8Leon, N. M., "Projected Image Display," 6/79, IBM Technical Disclosure Bulletin, vol. 22, No. 1, pp. 363-365.
9 *Leon, N. M., Projected Image Display, 6/79, IBM Technical Disclosure Bulletin, vol. 22, No. 1, pp. 363 365.
10 *Lifestyle Personal Communicator, AdioBionics Inc., Hearing Instruments, vol. 36, No. 1, 1985.
11Machine Design, 6/12/86, "Lineman's Handset Answers All Question," p. 46.
12 *Machine Design, 6/12/86, Lineman s Handset Answers All Question, p. 46.
13OKI Technical Review 123, vol. 52, Publication "High-Resolution Display Using Light-Emitting Diode Arrays," Abiko et al., 1/86, pp. 46-50.
14 *OKI Technical Review 123, vol. 52, Publication High Resolution Display Using Light Emitting Diode Arrays, Abiko et al., 1/86, pp. 46 50.
15Reid, D. A. T., "Micro-Display," 6/79, IBM Technical Disclosure Bulletin, vol. 22, No. 1, p. 362.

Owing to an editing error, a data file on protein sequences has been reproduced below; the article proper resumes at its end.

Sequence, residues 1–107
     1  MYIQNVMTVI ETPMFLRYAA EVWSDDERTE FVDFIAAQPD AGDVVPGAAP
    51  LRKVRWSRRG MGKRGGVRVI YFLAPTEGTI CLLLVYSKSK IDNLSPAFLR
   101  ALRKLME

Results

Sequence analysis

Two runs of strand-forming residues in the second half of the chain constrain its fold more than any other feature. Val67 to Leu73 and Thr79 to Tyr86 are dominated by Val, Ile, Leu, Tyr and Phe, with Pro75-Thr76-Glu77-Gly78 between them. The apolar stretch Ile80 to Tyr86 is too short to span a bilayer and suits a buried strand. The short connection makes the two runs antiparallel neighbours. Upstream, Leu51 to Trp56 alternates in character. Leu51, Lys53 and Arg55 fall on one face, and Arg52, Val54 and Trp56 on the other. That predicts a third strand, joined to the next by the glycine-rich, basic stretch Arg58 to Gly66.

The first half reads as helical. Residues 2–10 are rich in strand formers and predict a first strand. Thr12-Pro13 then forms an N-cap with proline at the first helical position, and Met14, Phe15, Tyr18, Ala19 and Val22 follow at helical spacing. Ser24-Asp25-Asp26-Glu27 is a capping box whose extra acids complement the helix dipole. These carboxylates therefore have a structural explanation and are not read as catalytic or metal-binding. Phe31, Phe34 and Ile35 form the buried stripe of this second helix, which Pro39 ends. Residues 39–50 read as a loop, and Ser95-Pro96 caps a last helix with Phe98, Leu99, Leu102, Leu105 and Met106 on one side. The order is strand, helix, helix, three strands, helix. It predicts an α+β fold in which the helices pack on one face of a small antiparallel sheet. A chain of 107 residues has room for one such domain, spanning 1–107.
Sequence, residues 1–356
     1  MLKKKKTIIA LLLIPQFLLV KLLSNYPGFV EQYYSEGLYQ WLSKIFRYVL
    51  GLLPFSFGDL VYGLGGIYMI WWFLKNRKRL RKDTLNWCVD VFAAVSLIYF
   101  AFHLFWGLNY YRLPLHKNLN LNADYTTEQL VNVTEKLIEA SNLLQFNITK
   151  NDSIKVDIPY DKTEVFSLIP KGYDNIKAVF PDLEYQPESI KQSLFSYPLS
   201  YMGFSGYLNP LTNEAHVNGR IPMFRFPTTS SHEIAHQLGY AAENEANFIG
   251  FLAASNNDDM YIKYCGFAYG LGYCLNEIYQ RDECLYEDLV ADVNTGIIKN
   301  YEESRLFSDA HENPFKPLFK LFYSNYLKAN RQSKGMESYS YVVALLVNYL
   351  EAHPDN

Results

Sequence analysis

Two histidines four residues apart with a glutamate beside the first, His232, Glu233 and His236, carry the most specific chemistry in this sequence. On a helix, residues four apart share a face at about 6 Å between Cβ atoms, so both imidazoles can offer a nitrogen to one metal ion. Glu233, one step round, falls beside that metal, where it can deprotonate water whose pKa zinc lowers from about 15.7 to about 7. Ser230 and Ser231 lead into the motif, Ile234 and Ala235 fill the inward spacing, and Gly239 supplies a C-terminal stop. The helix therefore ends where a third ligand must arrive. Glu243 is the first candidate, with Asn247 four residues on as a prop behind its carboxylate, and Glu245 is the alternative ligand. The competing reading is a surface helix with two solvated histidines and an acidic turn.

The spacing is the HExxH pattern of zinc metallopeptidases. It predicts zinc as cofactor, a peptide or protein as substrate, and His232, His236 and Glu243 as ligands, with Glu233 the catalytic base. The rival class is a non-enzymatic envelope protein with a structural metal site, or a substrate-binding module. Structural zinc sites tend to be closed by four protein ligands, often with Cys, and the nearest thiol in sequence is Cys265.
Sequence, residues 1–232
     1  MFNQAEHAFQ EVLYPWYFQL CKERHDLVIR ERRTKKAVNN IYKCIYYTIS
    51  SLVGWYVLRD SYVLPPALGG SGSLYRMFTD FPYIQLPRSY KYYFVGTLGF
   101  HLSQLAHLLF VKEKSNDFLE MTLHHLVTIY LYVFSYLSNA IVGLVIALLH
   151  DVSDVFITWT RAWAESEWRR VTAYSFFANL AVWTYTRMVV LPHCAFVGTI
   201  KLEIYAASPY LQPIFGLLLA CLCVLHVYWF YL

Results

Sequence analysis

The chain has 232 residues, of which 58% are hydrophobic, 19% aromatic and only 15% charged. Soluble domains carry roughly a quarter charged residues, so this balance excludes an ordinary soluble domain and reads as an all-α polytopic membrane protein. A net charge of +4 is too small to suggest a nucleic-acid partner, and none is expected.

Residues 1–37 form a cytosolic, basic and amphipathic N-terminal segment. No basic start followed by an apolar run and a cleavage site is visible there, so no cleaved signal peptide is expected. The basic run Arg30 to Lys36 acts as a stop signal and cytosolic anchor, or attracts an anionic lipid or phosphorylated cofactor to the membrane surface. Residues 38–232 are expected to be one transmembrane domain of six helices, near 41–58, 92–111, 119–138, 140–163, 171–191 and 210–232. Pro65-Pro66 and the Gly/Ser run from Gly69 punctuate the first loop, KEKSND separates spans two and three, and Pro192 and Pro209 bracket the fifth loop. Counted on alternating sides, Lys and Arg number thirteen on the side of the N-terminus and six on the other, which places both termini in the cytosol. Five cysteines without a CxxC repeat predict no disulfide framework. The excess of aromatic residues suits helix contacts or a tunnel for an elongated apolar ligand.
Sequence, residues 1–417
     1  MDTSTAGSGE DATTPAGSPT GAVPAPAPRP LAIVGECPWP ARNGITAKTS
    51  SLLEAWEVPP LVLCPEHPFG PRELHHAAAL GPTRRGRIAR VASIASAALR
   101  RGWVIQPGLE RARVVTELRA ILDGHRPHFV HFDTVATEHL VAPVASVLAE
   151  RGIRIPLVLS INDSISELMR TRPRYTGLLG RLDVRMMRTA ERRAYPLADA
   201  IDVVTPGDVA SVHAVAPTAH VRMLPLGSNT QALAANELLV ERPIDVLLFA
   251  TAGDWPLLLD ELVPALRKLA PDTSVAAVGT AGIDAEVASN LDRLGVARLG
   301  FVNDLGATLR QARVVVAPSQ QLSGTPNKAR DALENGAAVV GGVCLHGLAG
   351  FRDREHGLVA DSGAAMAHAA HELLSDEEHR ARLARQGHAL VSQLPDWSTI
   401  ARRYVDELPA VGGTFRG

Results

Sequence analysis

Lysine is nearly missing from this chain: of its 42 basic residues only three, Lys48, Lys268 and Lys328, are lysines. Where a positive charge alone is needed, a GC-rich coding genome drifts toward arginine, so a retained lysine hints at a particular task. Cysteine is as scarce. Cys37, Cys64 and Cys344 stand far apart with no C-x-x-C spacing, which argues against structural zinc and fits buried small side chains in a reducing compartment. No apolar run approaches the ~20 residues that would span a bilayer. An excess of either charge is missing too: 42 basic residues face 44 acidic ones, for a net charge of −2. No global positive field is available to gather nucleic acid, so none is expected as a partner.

16 *Reid, D. A. T., Micro Display, 6/79, IBM Technical Disclosure Bulletin, vol. 22, No. 1, p. 362.
17Title "IRTV-445 Patented Scanning System".
18 *Title IRTV 445 Patented Scanning System .
19Upton, Hubert W. and Goodman, J. R., "Eyeglass Heads-Up Display," Proceedings of the 51D, vol. 23/2, 1982, pp. 77-80.
20 *Upton, Hubert W. and Goodman, J. R., Eyeglass Heads Up Display, Proceedings of the 51D, vol. 23/2, 1982, pp. 77 80.
21Upton, Hubert W. and Goodman, James R., "Eyeglass Heads-Up Display," 51D 81 Digest, pp. 48,49.
22 *Upton, Hubert W. and Goodman, James R., Eyeglass Heads Up Display, 51D 81 Digest, pp. 48,49.
Referenced by
Citing PatentFiling datePublication dateApplicantTitle
US5138555 *28 Jun 199011 Aug 1992Albrecht Robert EHelmet mounted display adaptive predictive tracking
US5189512 *1 Jul 199123 Feb 1993Camair Research, Inc.Helmet integrated display system
US5281957 *10 Jul 199125 Jan 1994Schoolman Scientific Corp.Portable computer and head mounted display
US5305244 *6 Apr 199219 Apr 1994Computer Products & Services, Inc.Hands-free, user-supported portable computer
US5325386 *21 Apr 199228 Jun 1994Bandgap Technology CorporationVertical-cavity surface emitting laser assay display system
US5329103 *30 Oct 199112 Jul 1994Spectra-PhysicsLaser beam scanner with low cost ditherer mechanism